While short excursions into outer space may be on the itinerary in the near term, a “space port” currently is being built in Las Cruces, New Mexico, with support from Virgin Galactic and other companies, and hoteliers are scoping out new locations some 238,000 miles above--on the moon.
“Lunar hotels are now being planned,” DeMicco says. “Galactic Suites is known as the first space hotel, and they promote delivering 15 sunrises and sunsets in a single day--for the adventure travelers who are willing to spend approximately $4 million for a three-day 'stay' in space,” DeMicco says.
In 1967, in an address to the American Astronautical Society, Barron Hilton, then president of Hilton Hotels, described a “Lunar Hilton” with its entrance on the surface of the moon and most of its rooms located 20 to 30 feet below the surface. The hotel would have an aptly named “Galaxy Lounge.”
More recently, companies such as Japan's Shimizu Corporation have focused on the design of an orbital hotel in space, with rotating rings to provide artificial gravity.
Who will run these space-age hotels?
DeMicco says UD's students will be up to the challenge. “Our Hotel, Restaurant and Institutional Management students are taught the latest trends in strategic management and forecasting including land, sea, and space among them, and UD is not only a Land Grant, Sea Grant, and Urban Grant university, but also a Space Grant university,” he notes.
“Indeed, they are the global travelers today through UD's study abroad programs, with aspirations for the stars in their hospitality and tourism careers of tomorrow.”
The Restaurant at the End of the Universe is here!!!!!!!
Save your $$ for the trip!!
Space Tourism Insurance to Be Expensive
By Colin Clark
Space News Staff Writer
The personal spaceflight business — also known as space tourism — will face high hurdles from the insurance business in its early years, according to several industry experts.
Policy costs will be extremely high until companies fly without incident at least three times. And a string of early failures may well doom startups to business failure, one of three insurance experts on a panel about the subject said during a panel discussion at the Federal Aviation Administration's annual Commercial Space Transportation Conference.
"In the beginning rates are going to be high. They are going to be very high," said Raymond Duffy, senior vice president at Willis Inspace of New York. "Once you show a positive result the rates will come way down." Duffy noted that early failures, whether by one company or by several, could make it almost impossible for the new industry to get insurance. He urged the personal spaceflight companies to reduce risk as much as possible across the industry.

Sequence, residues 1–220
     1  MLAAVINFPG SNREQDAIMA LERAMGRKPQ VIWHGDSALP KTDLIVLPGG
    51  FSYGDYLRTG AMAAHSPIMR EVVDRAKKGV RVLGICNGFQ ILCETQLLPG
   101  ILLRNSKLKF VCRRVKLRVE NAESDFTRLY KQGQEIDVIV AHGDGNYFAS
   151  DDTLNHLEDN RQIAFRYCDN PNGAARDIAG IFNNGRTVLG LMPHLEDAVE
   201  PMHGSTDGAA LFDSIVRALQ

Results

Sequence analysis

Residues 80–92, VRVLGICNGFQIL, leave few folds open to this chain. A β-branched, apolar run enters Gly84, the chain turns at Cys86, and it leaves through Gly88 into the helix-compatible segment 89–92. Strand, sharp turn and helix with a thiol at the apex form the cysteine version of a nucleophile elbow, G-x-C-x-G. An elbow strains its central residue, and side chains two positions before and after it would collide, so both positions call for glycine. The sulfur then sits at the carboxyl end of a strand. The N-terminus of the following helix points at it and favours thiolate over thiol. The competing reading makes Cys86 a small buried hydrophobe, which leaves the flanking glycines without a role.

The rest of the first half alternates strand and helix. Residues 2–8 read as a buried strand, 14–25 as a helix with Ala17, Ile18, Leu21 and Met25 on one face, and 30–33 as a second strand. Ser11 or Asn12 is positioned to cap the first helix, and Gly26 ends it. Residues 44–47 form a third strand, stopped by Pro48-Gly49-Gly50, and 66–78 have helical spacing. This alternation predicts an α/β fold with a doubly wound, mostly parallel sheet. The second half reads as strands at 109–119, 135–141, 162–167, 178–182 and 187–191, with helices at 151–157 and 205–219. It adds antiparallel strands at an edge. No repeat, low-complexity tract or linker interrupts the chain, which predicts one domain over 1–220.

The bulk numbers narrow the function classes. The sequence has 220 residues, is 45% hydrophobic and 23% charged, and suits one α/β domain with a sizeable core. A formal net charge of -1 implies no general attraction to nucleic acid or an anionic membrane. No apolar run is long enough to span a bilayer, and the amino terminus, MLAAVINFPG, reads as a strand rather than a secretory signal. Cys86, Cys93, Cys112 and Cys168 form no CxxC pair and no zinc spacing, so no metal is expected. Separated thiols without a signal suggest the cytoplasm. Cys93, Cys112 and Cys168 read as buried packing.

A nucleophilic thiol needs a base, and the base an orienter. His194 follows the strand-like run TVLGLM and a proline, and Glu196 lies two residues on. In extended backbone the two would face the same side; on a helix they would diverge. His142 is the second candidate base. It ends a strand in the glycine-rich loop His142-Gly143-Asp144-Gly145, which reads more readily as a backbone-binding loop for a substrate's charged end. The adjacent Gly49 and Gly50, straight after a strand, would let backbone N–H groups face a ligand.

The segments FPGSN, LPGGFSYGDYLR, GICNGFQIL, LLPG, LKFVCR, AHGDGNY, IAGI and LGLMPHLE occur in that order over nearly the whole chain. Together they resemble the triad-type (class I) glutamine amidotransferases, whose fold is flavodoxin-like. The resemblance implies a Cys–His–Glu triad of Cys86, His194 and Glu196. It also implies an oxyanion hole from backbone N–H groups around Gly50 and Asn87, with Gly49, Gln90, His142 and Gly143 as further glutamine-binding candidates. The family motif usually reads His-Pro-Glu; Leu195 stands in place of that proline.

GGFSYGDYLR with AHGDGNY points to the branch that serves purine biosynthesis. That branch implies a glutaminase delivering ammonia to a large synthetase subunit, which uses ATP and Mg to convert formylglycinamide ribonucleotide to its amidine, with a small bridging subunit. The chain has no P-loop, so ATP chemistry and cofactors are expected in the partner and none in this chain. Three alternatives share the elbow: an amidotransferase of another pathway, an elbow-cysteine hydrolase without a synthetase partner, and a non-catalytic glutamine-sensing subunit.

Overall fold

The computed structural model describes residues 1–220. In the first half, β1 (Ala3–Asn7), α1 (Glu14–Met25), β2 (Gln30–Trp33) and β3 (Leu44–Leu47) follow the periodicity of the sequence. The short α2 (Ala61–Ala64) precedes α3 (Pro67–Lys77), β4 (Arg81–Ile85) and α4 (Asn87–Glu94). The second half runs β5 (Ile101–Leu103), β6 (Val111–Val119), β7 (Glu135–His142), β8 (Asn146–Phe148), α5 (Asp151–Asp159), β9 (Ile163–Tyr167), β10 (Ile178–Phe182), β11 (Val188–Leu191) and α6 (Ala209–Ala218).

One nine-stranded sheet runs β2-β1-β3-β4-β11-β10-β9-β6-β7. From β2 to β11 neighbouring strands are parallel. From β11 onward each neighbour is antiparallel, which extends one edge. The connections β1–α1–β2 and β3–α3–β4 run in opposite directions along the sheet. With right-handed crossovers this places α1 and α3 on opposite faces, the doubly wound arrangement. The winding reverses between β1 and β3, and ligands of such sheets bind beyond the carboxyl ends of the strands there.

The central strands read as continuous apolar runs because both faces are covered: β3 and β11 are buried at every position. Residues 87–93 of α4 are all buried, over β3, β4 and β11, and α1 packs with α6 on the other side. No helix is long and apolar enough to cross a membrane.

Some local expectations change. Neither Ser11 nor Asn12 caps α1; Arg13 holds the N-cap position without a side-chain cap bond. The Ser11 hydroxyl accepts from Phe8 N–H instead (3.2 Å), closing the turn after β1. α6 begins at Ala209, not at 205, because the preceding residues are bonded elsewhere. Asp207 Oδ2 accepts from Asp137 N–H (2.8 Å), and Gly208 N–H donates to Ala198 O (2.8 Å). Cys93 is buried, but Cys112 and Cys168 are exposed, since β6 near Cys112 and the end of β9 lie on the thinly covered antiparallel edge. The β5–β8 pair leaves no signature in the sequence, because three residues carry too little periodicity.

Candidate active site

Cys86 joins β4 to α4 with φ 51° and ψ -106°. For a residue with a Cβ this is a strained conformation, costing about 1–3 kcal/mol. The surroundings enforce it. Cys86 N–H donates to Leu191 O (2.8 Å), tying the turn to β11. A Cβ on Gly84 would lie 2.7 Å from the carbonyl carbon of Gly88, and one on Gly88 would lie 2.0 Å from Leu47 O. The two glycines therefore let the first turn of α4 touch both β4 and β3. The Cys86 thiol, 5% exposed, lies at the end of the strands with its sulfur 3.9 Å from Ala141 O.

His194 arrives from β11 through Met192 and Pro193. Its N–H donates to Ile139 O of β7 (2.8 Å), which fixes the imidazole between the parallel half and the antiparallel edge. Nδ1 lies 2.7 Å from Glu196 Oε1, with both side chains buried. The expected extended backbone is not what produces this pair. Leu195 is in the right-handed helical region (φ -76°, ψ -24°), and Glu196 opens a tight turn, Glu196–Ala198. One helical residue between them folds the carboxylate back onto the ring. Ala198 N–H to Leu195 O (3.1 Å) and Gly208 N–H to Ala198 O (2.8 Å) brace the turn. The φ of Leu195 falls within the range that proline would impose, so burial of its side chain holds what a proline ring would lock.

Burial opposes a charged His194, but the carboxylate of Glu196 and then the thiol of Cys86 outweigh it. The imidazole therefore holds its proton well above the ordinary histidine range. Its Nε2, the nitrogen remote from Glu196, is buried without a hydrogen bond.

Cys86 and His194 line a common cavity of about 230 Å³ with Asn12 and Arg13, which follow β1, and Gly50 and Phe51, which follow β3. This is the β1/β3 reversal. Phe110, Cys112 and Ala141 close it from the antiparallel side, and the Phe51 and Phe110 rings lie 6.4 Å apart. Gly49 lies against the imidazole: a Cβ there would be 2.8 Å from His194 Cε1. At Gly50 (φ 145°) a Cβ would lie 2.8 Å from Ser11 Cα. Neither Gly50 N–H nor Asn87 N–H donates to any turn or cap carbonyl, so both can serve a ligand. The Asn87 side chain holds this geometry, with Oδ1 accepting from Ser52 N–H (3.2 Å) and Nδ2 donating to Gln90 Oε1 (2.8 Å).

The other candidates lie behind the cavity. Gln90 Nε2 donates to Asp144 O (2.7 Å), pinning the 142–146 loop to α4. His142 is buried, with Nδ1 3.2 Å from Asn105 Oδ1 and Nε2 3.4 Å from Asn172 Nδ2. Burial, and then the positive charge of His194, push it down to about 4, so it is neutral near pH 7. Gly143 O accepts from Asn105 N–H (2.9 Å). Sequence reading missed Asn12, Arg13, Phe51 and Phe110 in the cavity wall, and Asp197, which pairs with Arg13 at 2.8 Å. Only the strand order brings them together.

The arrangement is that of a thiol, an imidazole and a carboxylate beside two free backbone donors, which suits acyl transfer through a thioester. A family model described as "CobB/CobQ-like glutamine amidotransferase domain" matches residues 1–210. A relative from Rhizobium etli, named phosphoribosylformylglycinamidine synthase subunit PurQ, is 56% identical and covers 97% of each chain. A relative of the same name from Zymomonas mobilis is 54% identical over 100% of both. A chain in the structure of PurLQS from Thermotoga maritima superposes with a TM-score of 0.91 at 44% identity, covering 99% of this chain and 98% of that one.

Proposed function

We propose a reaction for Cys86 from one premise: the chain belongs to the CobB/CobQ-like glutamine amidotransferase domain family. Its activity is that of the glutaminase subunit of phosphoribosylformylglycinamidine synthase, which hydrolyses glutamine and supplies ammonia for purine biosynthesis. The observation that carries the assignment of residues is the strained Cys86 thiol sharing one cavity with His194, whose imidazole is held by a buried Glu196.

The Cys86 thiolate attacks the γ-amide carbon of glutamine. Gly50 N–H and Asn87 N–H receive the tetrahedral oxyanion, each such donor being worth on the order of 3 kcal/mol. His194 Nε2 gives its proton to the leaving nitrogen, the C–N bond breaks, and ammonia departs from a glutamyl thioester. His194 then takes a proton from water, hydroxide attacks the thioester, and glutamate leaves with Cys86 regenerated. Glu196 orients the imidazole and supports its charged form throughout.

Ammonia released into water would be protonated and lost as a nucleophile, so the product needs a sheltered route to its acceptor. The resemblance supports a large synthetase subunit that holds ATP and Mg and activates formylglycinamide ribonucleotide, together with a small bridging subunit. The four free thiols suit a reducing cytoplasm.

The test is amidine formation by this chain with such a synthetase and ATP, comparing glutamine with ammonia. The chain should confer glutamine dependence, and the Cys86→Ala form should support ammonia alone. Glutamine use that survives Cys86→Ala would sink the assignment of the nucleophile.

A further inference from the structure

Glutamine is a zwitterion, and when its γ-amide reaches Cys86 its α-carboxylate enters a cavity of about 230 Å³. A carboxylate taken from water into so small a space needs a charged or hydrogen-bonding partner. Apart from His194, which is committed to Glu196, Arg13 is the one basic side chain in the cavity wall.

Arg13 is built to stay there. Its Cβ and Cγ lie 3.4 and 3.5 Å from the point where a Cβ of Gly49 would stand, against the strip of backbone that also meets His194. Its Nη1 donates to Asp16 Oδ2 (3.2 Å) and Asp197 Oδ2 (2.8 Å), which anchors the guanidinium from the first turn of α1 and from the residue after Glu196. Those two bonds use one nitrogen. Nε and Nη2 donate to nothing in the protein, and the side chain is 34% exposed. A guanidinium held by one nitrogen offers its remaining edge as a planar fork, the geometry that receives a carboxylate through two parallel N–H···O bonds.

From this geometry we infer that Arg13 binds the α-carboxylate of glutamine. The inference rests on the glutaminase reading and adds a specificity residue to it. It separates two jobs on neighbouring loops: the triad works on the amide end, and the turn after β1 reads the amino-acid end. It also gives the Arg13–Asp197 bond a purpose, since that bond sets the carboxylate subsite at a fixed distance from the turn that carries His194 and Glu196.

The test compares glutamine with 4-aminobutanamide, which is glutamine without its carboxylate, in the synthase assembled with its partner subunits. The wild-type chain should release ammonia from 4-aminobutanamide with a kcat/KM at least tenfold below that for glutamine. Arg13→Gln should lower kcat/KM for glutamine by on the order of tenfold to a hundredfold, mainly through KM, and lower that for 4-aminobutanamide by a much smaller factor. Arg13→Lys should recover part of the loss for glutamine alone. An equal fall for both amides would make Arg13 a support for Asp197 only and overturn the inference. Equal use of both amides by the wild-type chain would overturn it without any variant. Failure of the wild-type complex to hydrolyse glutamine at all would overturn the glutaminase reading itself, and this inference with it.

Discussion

Ralph Harp of Falcon Insurance, Houston, said personal spaceflight companies needed to make sure they present a very detailed "picture of what you are going to do" as the industry gears up to send its first sets of customers into orbit. Insurers possess very little data about the extent or nature of the risks the new industry might face since there have been so few events beyond the space tourists who have flown to the International Space Station. "The better you can explain it, the better you are going to do" when buying insurance, Harp said.
George Whitesides, senior advisor to Virgin Galactic, told Space News after the panel finished that his company "has had positive discussions with insurers." They have told Virgin that the business model for the insurance seems sustainable.
Brett Alexander, president of the Personal Spaceflight Federation and a member of the insurance panel, said a "sustainable rate" for insurance would be built into the business models of the spaceflight companies.
Duffy added that, while the early days would be challenging, the insurance industry and the personal spaceflight companies probably would find ways to mitigate risk and manage the costs. Pam Meredith of the firm of Zuckert Scoutt & Rasenberger of Washington said the new companies must insist on extremely detailed policies since any exculpatory clauses — those that might provide liability protection — "must be very strictly and carefully written." She said state and federal legal exemptions, such as those in the federal Commercial Space Launch Act, would not necessarily protect the companies from liability since the insurance companies may find "ways of getting out of the laws" by focusing on where the accident occurred, where the accident was caused, where the parties are incorporated or where the contracts were signed. "So unless you have the protection of laws signed in all 50 states you don't have much protection," Meredith said.